Did you know that you can plan and schedule your weight loss?
This might sound too good to be true. But once you understand how weight loss works, you’ll see that it’s just simple math.
Using my free tool, you can create your own custom weight loss schedule in 5 easy steps. And you can do it without exercise or giving up your favorite foods.
All you’re going to do is track your calories in a weekly weight loss spreadsheet template.
First, you must understand the basics of weight loss.
1 pound equals approximately 3,500 calories.
Remember this number. We’ll come back to it.
Once you can translate calories into pounds, you can create your own weight loss schedule.
As an example, let’s target 5 pounds of weight loss.
5 pounds is a nice achievement. Small enough that it’s doable, but significant enough that you’ll feel good about yourself. Think about it. If you REALLY want to, you can lose 5 pounds.
Using this spreadsheet, you can determine a clear path to get there, which will give you the confidence to do it again, if you need to.
Once you lose the first 5 pounds, you can reset your schedule and start again. Then suddenly you’ve lost 10 pounds. Then, 15.
Okay, let me show you how it works. Then, you can get access to your free template at the bottom of the page.
Step 1: Determine your maintenance calories.
Maintenance calories are the number of calories you’d eat in order to maintain your current weight. No weight gain or weight loss.
You can use the calorie calculator at calculator.net and enter the required information to determine your maintenance calories.
Your maintenance calories will be the first number displayed when you click calculate.
Step 2: Create your weight loss schedule.
On the Schedule tab, enter how many weeks you want to target to lose the 5 pounds and your start date. Most people like to start diet or fat loss programs on Monday, but you can choose any date you’d like and the calendar will update accordingly.
Since 1 pound is 3,500 calories, 5 pounds is 17,500 calories. So, you are simply going to generate a 17,500 calorie deficit throughout the course of your predetermined timeline.
That’s all there is to it.
Let’s walk through an example.
Let’s say you enter 5 weeks and a start date of January 4 on the Schedule tab.
Let’s say your maintenance calories from calculator.net are 2,140. You’ll enter that into the top right of your schedule.
In this example, you will lose about a pound a week. Your target calories will be 1,640 a day for a daily fat loss of about 0.14 pounds.
Step 3: Sign up for MyFitnessPal if you haven’t already.
MyFitnessPal is a free website you can use to track your calories. There is also an iPhone and Android app available.
Step 4: Enter your actual calories every day throughout your schedule.
Now, all you need to do is record your daily calories from MyFitnessPal in the cells under Actual.
Then, your actual daily fat loss will be automatically reflected. So you can actually SEE how much weight you’re losing per day!
Pretty cool, right? Actually SEEING the connection between calories and weight loss laid out for you on a calendar is pretty insightful. It was definitely a lightbulb moment for me when I first realized that this is all just simple math.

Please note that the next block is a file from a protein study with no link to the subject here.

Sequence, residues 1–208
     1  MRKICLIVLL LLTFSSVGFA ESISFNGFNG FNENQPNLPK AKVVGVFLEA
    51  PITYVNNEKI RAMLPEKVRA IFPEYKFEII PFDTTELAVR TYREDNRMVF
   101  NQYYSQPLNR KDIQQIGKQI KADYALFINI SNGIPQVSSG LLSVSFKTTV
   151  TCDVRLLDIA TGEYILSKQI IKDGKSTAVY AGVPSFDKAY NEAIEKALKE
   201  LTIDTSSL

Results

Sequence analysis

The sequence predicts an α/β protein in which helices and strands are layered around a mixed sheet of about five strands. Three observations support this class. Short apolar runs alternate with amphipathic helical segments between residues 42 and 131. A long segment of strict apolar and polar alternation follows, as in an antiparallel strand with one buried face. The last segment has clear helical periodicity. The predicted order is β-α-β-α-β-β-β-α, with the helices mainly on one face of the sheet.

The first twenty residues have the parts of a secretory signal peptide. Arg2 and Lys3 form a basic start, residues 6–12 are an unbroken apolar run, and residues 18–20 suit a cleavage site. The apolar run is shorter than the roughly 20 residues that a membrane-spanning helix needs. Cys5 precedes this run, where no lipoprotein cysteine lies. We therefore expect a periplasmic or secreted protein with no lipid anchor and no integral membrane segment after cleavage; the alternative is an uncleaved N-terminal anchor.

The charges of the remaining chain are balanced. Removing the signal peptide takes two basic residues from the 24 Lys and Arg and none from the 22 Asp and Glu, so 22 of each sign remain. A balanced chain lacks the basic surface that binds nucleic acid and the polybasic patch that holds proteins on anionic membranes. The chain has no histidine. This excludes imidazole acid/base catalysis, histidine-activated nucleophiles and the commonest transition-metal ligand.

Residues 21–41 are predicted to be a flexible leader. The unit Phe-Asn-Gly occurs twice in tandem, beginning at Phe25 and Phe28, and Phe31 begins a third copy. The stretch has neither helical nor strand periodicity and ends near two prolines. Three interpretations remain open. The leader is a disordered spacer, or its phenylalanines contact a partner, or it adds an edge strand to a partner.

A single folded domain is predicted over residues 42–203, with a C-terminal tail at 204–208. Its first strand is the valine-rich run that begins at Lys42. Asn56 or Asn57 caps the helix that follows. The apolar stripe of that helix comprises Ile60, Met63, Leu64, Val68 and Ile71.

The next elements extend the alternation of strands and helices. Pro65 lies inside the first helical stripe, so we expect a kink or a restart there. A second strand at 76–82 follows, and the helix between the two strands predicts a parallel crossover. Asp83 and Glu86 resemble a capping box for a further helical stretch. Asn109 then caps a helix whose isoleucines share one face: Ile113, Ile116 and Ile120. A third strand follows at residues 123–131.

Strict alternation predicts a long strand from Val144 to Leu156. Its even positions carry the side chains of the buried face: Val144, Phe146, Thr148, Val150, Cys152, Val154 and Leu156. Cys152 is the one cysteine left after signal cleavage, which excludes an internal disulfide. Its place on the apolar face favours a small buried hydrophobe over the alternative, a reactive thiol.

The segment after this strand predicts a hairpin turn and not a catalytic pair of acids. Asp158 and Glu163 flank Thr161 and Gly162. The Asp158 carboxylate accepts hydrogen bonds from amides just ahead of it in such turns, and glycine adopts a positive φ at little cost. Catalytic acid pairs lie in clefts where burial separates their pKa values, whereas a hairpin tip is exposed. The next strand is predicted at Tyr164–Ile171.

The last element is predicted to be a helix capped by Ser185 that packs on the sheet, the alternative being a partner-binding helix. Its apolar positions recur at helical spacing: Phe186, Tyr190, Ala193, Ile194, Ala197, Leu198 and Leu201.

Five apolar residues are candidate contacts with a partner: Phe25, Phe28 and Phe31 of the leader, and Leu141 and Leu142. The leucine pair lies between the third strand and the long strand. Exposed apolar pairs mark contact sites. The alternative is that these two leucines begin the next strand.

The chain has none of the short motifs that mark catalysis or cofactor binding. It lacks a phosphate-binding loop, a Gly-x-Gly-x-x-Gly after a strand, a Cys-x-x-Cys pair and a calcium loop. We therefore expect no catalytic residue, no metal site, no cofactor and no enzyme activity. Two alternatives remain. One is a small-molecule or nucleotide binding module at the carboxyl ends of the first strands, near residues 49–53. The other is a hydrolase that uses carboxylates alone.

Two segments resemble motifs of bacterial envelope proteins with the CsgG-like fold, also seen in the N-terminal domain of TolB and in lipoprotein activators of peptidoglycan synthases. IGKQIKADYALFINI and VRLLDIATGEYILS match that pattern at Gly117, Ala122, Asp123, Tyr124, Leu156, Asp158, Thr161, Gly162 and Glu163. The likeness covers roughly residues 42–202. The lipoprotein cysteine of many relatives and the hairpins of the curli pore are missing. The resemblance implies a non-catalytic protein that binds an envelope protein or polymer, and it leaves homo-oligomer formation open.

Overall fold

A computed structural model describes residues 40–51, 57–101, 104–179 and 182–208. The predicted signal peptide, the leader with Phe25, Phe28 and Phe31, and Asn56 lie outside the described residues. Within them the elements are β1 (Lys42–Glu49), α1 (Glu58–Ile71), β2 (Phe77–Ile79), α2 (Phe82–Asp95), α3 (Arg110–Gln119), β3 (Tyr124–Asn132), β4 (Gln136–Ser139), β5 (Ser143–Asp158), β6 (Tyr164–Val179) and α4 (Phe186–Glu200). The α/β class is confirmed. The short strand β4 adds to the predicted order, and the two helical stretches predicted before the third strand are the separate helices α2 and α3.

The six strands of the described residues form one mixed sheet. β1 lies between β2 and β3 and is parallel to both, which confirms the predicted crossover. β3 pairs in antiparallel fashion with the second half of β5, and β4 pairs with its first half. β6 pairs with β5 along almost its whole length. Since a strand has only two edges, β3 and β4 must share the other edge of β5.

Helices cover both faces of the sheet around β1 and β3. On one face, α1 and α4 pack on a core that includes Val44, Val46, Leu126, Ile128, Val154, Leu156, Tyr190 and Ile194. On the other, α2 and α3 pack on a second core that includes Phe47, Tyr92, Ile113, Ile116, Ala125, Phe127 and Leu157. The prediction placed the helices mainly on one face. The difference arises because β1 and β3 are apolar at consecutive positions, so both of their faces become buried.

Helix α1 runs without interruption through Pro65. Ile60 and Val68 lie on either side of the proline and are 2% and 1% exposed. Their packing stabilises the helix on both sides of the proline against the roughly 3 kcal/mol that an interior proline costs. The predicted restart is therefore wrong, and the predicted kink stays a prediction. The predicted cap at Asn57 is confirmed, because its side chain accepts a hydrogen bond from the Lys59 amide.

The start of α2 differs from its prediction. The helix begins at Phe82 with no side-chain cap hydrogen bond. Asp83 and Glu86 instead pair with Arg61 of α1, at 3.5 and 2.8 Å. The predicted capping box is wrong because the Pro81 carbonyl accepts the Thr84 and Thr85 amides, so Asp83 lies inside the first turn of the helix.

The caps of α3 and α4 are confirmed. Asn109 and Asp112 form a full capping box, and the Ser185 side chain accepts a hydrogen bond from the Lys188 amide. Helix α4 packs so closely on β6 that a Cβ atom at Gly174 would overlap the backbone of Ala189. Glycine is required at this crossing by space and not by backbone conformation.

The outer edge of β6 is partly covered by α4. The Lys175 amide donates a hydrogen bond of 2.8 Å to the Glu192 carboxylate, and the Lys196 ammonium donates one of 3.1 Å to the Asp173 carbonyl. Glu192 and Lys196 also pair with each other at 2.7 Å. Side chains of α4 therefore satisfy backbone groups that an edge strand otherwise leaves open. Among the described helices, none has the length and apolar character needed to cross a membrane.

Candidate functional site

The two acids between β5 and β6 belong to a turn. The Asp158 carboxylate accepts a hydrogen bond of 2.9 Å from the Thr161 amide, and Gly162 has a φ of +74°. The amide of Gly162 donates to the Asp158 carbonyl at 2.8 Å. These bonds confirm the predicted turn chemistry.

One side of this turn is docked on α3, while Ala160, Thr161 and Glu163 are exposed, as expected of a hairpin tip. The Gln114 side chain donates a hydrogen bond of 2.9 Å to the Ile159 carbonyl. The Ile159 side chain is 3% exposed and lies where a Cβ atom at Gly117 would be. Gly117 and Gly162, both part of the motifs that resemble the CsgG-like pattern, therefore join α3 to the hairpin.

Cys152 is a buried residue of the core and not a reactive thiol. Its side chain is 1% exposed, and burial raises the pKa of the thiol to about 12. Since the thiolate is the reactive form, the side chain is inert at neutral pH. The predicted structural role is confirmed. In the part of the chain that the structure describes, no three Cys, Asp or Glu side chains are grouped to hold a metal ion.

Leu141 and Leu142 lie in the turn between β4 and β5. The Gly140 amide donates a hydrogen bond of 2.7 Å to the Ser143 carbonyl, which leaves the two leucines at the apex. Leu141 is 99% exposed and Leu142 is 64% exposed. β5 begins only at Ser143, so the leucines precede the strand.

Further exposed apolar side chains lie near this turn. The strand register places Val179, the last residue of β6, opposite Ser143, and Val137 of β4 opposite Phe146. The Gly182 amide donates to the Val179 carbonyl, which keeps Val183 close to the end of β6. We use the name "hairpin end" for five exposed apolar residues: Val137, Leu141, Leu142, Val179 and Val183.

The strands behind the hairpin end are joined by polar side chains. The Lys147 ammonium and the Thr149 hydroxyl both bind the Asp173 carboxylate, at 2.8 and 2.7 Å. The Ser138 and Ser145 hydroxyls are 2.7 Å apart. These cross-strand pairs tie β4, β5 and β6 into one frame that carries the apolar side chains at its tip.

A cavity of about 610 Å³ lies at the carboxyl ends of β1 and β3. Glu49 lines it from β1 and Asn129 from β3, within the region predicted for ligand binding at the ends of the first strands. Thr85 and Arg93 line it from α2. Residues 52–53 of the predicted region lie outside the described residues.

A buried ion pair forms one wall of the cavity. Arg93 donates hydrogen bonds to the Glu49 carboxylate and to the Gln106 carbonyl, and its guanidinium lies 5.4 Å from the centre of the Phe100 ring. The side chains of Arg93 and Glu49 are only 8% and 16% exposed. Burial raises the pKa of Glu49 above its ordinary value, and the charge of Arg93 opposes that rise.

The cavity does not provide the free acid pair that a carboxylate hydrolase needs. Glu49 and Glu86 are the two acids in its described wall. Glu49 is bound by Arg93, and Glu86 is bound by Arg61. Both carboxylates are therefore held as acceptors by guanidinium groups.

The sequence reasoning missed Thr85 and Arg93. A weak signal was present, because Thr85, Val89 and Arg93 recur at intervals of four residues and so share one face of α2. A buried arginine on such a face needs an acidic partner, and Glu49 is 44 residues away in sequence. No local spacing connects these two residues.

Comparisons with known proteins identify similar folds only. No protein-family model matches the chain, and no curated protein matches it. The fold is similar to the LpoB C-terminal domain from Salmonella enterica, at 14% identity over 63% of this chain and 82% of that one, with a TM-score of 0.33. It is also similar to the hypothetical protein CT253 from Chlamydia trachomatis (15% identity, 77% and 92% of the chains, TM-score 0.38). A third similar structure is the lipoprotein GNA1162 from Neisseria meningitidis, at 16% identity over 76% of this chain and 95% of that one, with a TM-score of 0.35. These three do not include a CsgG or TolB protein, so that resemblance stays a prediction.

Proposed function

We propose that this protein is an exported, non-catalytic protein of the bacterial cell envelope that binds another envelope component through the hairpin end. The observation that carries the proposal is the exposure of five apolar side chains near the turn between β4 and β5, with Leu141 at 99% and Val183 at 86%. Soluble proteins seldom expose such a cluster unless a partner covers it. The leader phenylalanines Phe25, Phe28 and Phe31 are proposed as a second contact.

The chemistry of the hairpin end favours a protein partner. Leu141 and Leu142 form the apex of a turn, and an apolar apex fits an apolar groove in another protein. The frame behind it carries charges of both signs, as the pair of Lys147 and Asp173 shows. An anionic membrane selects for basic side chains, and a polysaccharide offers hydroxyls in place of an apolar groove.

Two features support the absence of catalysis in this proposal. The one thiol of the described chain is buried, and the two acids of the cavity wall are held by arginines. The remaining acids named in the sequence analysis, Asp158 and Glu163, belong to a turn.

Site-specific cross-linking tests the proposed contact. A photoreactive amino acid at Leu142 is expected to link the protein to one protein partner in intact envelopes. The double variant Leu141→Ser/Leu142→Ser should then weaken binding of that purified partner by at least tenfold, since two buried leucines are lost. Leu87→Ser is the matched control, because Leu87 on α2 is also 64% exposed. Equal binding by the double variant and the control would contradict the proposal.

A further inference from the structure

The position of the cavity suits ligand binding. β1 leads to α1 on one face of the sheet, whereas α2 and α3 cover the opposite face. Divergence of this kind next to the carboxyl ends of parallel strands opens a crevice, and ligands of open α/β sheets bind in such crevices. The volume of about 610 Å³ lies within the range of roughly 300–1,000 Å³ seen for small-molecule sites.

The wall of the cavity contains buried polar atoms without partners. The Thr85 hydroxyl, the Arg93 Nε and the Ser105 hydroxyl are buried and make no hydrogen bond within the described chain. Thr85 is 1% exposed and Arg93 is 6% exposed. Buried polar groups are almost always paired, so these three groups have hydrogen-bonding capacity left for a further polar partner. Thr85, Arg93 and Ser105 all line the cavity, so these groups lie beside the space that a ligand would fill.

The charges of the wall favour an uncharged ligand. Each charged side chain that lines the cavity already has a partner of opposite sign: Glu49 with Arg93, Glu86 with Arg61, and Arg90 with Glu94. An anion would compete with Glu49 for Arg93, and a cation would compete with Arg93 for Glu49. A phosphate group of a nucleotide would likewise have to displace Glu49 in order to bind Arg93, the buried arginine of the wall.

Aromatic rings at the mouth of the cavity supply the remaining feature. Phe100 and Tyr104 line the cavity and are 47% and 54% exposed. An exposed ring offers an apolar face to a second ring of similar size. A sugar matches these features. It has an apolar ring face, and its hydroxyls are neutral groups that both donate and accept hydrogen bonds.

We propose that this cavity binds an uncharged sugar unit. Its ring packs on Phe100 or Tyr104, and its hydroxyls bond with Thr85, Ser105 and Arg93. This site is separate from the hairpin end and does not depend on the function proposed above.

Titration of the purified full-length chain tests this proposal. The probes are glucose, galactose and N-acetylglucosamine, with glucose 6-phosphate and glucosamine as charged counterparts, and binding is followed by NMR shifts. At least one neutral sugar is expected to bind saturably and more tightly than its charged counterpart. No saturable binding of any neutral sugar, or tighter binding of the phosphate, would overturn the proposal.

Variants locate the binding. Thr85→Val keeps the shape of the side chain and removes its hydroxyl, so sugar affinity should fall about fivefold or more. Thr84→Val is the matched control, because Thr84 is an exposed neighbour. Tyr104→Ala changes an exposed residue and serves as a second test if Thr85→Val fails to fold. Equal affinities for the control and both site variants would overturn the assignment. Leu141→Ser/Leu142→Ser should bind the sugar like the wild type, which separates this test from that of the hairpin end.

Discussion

Granted, the daily numbers will not be very large. But, the point is if you perform consistently, you will achieve the result over time. For this reason, I prefer to focus on weekly results instead of daily results.
I recommend weighing yourself weekly, but some people prefer to weigh in daily so I have updated the spreadsheet to allow for this. If you want to record your weight daily, you can do this in the last row in each week of the Schedule tab.
Day-to-day weight fluctuations will not necessarily reflect fat loss, but with a sensible calorie deficit schedule, your week-to-week and month-to-month numbers will paint a true picture of your actual progress.
In general, and at least for the first week, you want to try to be as close to Target as possible. If you’re too far above, you will not lose fat as quickly and if you’re too far below, you may experience some of the issues associated with a calorie target that’s too aggressive, such as hormonal and metabolic effects.
This is a key step because it’s where you actually do the work. If you don’t track your numbers, you won’t have the information required to make necessary adjustments and see your weight loss schedule through.
Step 5: Make any adjustments necessary to achieve your goal.
At the end of the day, remember that this is a template and not a magic bullet.
Just like what you learn in the classroom does not apply EXACTLY the same way in the real world, the same is true with calories and weight.
While the fundamentals of calories in vs. calories out are pretty simple, the truth is that the human body is an extremely complex system and that there are other factors that influence weight loss such as your genetics, hormones and microbiome.
Will they override the law of calories?
No. Directionally, you can be confident that if you eat fewer calories than you burn, you will lose weight over time and if you eat more calories than you burn, you will gain weight.
Will they influence your exact numbers and how long it may take you to achieve your goal?
Definitely. So, it’s up to you to monitor your progress from week-to-week and make adjustments to your numbers.
Compare your actual weight loss against your projected numbers.
Was your weight loss tracking in line with what you expected? Was it too much? Not enough?
If you’re happy with how it’s going and you’re feeling good, keep it up.
If you’re not, adjust your actuals the following week. You may want to shoot for a couple hundred calories below your target or maybe you’ll find you even have room to raise your calories some.
Just stick with it, trust the system, and don’t hesitate to reach out if you have any questions!